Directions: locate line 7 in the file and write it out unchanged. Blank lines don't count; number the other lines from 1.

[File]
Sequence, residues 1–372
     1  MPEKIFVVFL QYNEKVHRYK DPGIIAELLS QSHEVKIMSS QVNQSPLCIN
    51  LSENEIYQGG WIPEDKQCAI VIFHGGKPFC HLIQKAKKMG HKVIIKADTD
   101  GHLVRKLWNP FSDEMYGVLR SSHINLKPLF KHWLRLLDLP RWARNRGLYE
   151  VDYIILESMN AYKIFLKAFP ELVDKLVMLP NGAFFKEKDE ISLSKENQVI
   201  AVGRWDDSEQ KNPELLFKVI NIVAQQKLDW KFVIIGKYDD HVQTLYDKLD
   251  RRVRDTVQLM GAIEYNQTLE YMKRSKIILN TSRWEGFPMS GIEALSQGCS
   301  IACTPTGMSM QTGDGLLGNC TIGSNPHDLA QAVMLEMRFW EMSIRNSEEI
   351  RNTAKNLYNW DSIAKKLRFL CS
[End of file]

   251  RRVRDTVQLM GAIEYNQTLE YMKRSKIILN TSRWEGFPMS GIEALSQGCS